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Please use this identifier to cite or link to this item: http://hdl.handle.net/123456789/19218

Title: Effect of dietary calcium intake on vitamin D levels and obesity in Saudi children
Authors: Al-Mosharruf, Sara
Keywords: dietary calcium intake
vitamin D
Saudi children
Issue Date: 1-Jan-2011
Abstract: The drastic changes in lifestyle and nutrition brought about by rapid economic changes in Saudi Arabia have seriously threatened the health with emergence of a number of chronic non-communicable diseases. Obesity, which is a major contributing factor in the emergence of these diseases – cancers, type 2 diabetes and hypertension - has increased rapidly worldwide and especially in Saudi Arabia. While several risk factors have been identified, one micronutrient deficiency stands not only because of its equally alarming global prevalence, but also because of its multiple physiologic roles that influence normal metabolic functioning. Vitamin D deficiency has been linked to several chronic diseases in adults, and almost all cardiometabolic risk factors are associated with vitamin D deficiency in both adults and children. Studies focusing on children and adolescents however, are limited. This randomized cross sectional study aimed to determine the prevalence of vitamin D deficiency and its association with childhood obesity among a population of healthy Saudi boys and girls in Riyadh city, Saudi Arabia. Furthermore, this study was aimed to determine whether levels of dietary calcium can explain the high prevalence of low-vitamin D levels in Saudis, and whether these dietary micronutrients influence risk of obesity. To achieve this, 331 Saudi boys and girls (53.8% females and 46.2 % males) aged 6-18 years were randomly recruited from primary care health centers in different areas of Riyadh city. Demographic, medical and dietary information was collected from each subject using a questionnaire. Anthropometrics were measured. Blood levels of fasting glucose, lipid profile, 25(OH) D and corrected calcium were measured routinely, 25(OH) D was quantified using enzyme-linked immunosorbent assay (ELISA). The present study demonstrated that around 100% of the subjects were either mildly or moderately or severely vitamin D deficient, with girls having significantly lower vitamin D levels than boys in both preadolescents and adolescents. Moreover, adolescent were more deficient than preadolescent. Serum vitamin D levels showed an inverse significant association with BMI, fat mass percentage, body fat mass, TG, waist circumference and hip circumference. Calcium intake did not find significant associations with either obesity or vitamin D deficiency. Although the average calcium intake of the sample is low and mean vitamin D level for the sample is deficient. The serum corrected calcium was positively correlated with vitamin D serum and negatively correlated with BMI, fat mass and waist to hip ratio. The corrected serum calcium was significantly lower in girls compared to boys in the adolescent group, similar to vitamin D level. Also, approximately 30 % of the subjects with <250 mg of calcium daily were obese, while only 14 % of the subjects with >800 mg of calcium intake were obese. Interestingly, serum vitamin D was highest in the heavy consumer group for both tea and coffee. Also, BMI mean value was significantly decreased in increased drinkers (9-12 times/week) when compared to low and moderate drinkers. The lowest levels of vitamin D and the highest value of BMI fell in the group with no physical activity. This study highlights the need for vitamin D correction even in this age group where chronic diseases are not expected. This can be achieved by encouraging not only an active and outdoor lifestyle, but by proper nutrition in which micronutrients such as vitamin D and calcium are taken into account.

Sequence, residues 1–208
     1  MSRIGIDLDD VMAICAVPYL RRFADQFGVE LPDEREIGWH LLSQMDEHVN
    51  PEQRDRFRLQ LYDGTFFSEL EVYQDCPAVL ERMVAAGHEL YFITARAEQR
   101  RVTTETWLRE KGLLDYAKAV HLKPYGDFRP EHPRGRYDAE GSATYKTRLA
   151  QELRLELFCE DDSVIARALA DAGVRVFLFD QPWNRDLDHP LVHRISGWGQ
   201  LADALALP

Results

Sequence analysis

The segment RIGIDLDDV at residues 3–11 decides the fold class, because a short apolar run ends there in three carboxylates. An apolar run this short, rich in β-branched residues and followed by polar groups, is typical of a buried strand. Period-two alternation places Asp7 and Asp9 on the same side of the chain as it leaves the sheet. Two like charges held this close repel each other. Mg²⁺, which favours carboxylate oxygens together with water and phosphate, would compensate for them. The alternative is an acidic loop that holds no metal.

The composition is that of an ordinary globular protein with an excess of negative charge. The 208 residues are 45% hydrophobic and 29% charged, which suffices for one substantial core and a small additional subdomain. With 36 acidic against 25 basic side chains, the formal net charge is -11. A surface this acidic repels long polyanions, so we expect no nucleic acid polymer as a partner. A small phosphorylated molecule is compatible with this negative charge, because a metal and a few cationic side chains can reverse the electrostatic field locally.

URI: http://hdl.handle.net/123456789/19218
Appears in Collections:College of Applied Medical Sciences

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